Killings take life from community

Published 8:15 pm Monday, January 10, 2011

Murder is as common as humanity. Human beings have an urge to retaliate.

In early history, murder was personal. If the killer didn’t get away, the victim’s family caught him and killed him or the family accepted money or goods, which bought the killer peace and gave the victim’s family a measure of satisfaction.

All through history, societies have dealt with murders.

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The methods of dealing with them become as abstract as the statistics with which we look at murders today.

For instance, someone might shake their heads at the fact Selma logged 12 murders in 2010. And the phrase, “that’s high” might follow.

But those are numbers only.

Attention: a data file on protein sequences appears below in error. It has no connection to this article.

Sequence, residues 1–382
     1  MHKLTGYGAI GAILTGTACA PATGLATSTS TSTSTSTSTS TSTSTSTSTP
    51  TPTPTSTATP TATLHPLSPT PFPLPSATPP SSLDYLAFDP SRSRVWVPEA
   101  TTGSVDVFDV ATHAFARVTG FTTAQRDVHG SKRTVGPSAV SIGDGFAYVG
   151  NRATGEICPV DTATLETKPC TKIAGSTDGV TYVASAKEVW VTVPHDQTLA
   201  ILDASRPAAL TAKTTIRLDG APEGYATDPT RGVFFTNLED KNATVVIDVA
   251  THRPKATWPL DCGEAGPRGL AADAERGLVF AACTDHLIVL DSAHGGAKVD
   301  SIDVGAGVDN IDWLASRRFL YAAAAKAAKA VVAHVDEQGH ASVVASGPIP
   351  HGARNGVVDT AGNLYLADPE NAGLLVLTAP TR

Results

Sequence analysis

Let’s put a face to those murders. Remember Rosjah Butler Jr., the 3-year-old who before going to bed when a bullet ripped through his bedroom wall, pierced him in the chest and killed him.

There are 11 other victims with faces, families and friends from murders committed in Selma during 2010. Most of those murders occurred because someone tried to sell a score with someone else.

We have moved far past the time of early history when blood money was paid for retribution. We have a justice system and prisons to hold those found guilty.

But all the justice, prisons, and assurances of prices paid still do not mend the damage a single killing of another human being does to our community.

Murders rob families and friends of loved ones.

Murders cost taxpayers in terms of justice rendered and prisons kept up.

Murders cost communities in terms of reputation, especially while trying to recruit businesses and industries.

Murders cost locally by taking preventive police measures and turning them into investigative roles.

Thus, the 12 murders of 2010 are much more than numbers.

They are tolls on our community, affecting the guilty and those, like the toddler, who bear no guile at all.